Someone once told me music is a spiritual experience; to listen to it is to allow ourselves to become a part of something intricately beautiful, difficult, and communal. Indeed there is something irrevocably spiritual about the music of Horse Feathers; a depth and lushness in their simple tone and candor that lifts us into a place of rumination.
Seeing them play live last week swept me into such a place allowing for the coziest of winter evenings. What struck me most about this show wasn’t that I was finally listening to Horse Feathers live (oh joy of joy!) but rather how attentively silent we as an audience were during their set.
Before the band took the stage (even during the opening acts) the room was swarmed with a nervous energy. The moment they started playing, however, we were all carried together into stillness. The venue itself, an old church newly converted into a performance space, was made for Justin Ringle’s wavering vocals and begs for the subtle strength of the group’s instrumental work. Everything about their performance settled in nicely with the bitter winter winds. Their lyrical themes of broken joy and heartache seeped like honey into one’s bones, somehow exuding an infectious anchor of hope.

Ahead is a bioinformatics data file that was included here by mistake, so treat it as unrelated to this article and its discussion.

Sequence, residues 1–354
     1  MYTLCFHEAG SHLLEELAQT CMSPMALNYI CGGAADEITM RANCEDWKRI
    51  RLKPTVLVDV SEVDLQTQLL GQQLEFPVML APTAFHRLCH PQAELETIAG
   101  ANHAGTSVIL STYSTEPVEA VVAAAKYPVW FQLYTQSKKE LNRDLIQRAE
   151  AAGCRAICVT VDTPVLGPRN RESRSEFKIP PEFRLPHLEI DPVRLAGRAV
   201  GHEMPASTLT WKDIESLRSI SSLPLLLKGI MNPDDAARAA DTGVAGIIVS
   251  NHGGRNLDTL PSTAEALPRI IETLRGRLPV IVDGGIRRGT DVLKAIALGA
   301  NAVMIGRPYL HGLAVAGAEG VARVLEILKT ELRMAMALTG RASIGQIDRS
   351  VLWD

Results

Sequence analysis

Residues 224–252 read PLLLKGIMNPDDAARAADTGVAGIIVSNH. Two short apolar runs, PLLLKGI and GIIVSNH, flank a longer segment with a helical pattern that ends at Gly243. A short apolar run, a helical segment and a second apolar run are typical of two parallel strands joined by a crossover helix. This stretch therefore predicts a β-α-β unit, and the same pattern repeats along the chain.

I feel like that’s the beauty of Horse Feathers music, their ability to sing us through the reckoning while still maintaining a breath of light. Regardless of their heavy-laden temporal themes, or whether we’re listening to them live or through our iPods, record players or computers, their music allows us to be still, to be present. We recognize part of ourselves in their songs; our aches, hurts, strengths, and frailties. We listen to their music and we are reminded of the beauty in brokenness.
Above photos by Adam Ward with Stereopathic Music.